At some point during their drunken carousals, each group of students will stop in the middle of Kongens Nytorv ("The King's New Square") and sing and dance according to Danish custom. That's what you see here, although it's difficult to observe through all the construction apparatus lying around:

I realize these are terrible photographs, but I had to snap them on the fly as I rushed from the Metro to Studieskolen, where I had to take the written half of our next level of exams (the oral is on Monday).

I'm much prouder of the lead image for today's Almanac:

As for the Almanac itself, I don't know. It's just my two cents on the EU Constitution.

Thursday, June 17, 2004

Just Plain Cool 

I want this cloak:

The maker of the cloak of invisibility gets to work on technology to see through walls. (All right, so he's reinventing the window. After inventing the Cloak of Invisibility, the guy deserves a little slack.)

Family, friends, and benevolent strangers please note: you will be waived of all gift obligations for ever in exchange for a Cloak of Invisibility—right now.

Molli Watch 

The DMG just called me from the hospital, where she's in for a routine checkup. This included a scan. From her mouth to your ears:

The technician kept calling the baby it. As in, "it's this big, it's in this position, here's its leg."

Finally I said, "Can we just call the baby her? We had one doctor tell us he was pretty sure it was a girl, and we've kind of got used to the idea."

And the technician was like, "Sure—I mean, it is a girl." She hadn't said anything because she didn't know if I wanted to know. But there's no doubt, she's definitely a girl.

So we can scratch all work on that backup list of boys' names. It's a girl!

Wednesday, June 16, 2004

Sleeplessness Has Its Rewards 

I noticed before I went to bed at about 11pm last night that it was still light out. I didn't have much trouble falling asleep, but I woke up this morning to light streaming through the windows and a sense that I'd overslept. Damn alarm didn't even go off, I thought to myself as I rolled over to look at and curse my clock.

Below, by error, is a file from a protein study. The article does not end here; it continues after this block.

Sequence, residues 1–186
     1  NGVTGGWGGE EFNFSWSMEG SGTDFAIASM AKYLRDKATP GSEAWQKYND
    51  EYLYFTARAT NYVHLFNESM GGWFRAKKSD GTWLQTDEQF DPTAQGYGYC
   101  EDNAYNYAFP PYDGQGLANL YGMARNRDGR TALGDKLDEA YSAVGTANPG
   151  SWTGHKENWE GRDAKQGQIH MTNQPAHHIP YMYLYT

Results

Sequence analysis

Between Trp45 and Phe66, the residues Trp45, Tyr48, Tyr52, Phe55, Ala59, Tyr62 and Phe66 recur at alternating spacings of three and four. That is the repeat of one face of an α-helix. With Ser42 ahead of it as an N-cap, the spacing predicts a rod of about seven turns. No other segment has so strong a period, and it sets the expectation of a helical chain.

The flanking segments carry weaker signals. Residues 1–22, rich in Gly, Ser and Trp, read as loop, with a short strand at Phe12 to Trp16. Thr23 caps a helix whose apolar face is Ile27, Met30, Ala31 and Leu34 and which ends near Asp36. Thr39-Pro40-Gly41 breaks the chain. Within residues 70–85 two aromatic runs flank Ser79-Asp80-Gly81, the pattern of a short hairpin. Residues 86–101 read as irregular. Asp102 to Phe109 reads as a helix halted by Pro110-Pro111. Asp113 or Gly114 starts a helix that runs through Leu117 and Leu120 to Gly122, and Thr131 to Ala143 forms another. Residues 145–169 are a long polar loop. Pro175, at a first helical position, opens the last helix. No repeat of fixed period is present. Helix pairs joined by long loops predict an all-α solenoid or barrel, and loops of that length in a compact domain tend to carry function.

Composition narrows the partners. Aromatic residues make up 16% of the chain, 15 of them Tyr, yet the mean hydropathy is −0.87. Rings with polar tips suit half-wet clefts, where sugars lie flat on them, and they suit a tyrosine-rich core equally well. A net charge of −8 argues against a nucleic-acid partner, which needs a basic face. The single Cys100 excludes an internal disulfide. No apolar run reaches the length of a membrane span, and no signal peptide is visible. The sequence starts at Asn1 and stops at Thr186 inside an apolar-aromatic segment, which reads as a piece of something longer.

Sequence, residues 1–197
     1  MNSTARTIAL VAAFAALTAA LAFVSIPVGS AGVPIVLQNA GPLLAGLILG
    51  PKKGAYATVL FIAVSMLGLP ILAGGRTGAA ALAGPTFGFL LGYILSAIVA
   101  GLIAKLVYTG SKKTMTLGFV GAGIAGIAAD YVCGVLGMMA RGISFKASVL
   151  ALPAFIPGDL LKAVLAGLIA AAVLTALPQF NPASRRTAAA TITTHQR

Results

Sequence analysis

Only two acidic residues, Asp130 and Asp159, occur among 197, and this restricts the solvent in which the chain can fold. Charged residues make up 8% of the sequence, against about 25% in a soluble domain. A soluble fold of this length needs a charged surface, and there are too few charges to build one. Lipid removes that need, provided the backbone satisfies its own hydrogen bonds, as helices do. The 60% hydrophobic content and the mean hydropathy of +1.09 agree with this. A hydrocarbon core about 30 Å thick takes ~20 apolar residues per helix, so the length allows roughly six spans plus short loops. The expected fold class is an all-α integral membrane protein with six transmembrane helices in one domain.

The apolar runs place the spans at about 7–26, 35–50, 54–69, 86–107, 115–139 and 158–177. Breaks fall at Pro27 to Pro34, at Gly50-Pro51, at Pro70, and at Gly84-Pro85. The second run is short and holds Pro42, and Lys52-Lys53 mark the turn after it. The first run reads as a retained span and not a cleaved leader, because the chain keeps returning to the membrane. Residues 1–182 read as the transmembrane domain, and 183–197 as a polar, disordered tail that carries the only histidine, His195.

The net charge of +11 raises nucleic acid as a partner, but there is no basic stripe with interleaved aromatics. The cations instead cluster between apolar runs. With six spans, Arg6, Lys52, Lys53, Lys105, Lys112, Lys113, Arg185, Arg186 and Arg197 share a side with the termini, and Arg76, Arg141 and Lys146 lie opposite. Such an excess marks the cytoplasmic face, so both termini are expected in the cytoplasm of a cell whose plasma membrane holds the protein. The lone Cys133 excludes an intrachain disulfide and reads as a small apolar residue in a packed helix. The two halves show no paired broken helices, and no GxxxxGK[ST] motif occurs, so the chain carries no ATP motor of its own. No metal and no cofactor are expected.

"5:34," it smiled back at me.

Good, I thought. I can go straight back to sleep. That's when I realized I was irrevocably awake. All right, then. I've got plenty to do today. Why not get an early start?

I came to the computer and by six o'clock or so I'd published the Almanac (the Bloomsday Centennial and other afflictions). Moments after that the DMG was moving about as well.

"Morning," she said.

"Morning," I answered.

She stood there in her bathrobe looking around the living room.

"What?" I asked.

"What?" she replied.

I shrugged. She shrugged. She went to make her breakfast.

It was a familiar routine—familiar from this time last year, when I was a complete insomniac wreck from late May until early July. I'm very proud to have made it this far (the sky is light from a little after three in the morning until just past eleven at night).

There was an added bonus to this morning's insomnia, however: despite mostly blue skies, a little rain cloud crossed overhead at about quarter past six, and we got five minutes of one of the strongest rainbows I've ever seen. I jumped for my camera and snapped about a dozen photos before it disappeared. Here's my favorite, in which you can actually see a second rainbow starting to form (it never quite made it):

It's now quarter to seven. It's going to be a long day. But how rough can a day be when it starts with a rainbow?

(I know, I know, I'm knocking wood as I write...)

Tuesday, June 15, 2004

Estonians, Pirates, and an Arthritic Archbishop: the Story of the Danish Flag 

It's Valdemar's Day in Denmark. See today's Almanac for The (Improved) Legend of the Dannebrog, the Magna Carta, and the usual crap.

And don't fuck with my shrimp!

Sunday, June 13, 2004